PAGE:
The project is also expected to move to a foundation in the future. These days, there are a number of places such a project could potentially reside, including the Apache Software Foundation and the Mozilla Foundation.

While the project has clearly had its detractors, the performance improvements that AMP has been fighting for are certainly meritorious. With this more open governance model, the project may get deeper support from other browser makers like Apple, Mozilla, and Microsoft, as well as the broader open source community.

And while Google has certainly been the major force behind the project, it has also been popular among open source software developers. Since the project’s launch, there have been 710 contributors to the project according to its statistics, and the project (attempting to empathize its non-Google monopoly) notes that more than three-quarters of those contributors don’t work at Google.

Nonetheless, more transparency and community involvement should help to accelerate Accelerated Mobile Pages. The project will host its contributor summit next week at Google’s headquarters in Mountain View, where these governance changes as well as the technical and design roadmaps for the project will be top of mind for attendees.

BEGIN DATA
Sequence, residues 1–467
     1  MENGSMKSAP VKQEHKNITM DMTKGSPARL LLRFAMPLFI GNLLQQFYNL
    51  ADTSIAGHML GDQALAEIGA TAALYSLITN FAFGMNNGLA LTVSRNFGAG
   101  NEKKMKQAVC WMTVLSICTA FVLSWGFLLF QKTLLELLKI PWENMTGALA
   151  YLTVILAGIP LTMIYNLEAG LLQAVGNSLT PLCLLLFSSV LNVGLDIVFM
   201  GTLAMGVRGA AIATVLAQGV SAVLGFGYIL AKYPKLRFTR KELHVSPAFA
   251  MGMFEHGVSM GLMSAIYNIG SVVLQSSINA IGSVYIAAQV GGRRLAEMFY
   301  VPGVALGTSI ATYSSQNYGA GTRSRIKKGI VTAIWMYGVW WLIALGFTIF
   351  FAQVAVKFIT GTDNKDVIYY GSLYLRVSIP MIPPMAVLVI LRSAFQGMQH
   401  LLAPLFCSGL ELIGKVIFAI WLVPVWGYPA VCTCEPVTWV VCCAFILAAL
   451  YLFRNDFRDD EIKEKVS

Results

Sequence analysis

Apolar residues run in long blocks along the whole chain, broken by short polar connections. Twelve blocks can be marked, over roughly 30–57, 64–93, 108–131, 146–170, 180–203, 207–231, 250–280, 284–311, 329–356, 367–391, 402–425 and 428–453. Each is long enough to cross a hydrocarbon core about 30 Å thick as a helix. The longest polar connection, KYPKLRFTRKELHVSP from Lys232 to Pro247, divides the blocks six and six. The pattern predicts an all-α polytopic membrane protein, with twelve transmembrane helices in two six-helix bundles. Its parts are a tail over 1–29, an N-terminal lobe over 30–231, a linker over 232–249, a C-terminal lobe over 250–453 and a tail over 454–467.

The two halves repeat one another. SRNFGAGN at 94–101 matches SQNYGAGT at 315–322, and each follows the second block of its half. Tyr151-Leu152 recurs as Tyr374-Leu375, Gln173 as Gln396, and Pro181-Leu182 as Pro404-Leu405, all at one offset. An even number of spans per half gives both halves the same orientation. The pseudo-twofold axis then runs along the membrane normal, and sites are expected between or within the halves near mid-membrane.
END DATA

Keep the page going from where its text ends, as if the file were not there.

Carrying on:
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With Lockbox and Notes, Mozilla launches its first set of mobile Test Pilot experiments

Posted by | Android, Apps, Firefox, iOS, Mobile, mobile apps, Mozilla, note taking, password manager, TC, test pilot | No Comments

Mozilla’s Test Pilot program for Firefox has long been the organization’s way to trial some of its more experimental ideas for new browser features. Now it’s expanding this program to include mobile apps, too, with the launch Firefox Lockbox, of a password manager for iOS and Notes by Firefox, a note-taking app for Android.

Both apps have a connection to Firefox (hence their names), but we’re not talking about Firefox plugins here. These are standalone apps that sync with Firefox on the desktop and mobile and share its branding.

Lockbox gives you access to passwords you’ve saved in Firefox and then lets you use them in their respective apps (think Twitter or Instagram). To unlock the app, you can use Face ID or your fingerprint.

If you’re not a Firefox user, you probably won’t get a lot of value out of Lockbox, but if you are, then this now allows you to use Firefox’s native password manager instead of a third-party app. That’s a smart move by Mozilla, which doesn’t necessarily have a lot of market share for its browser on iOS but still wants to keep iOS users involved in its ecosystem.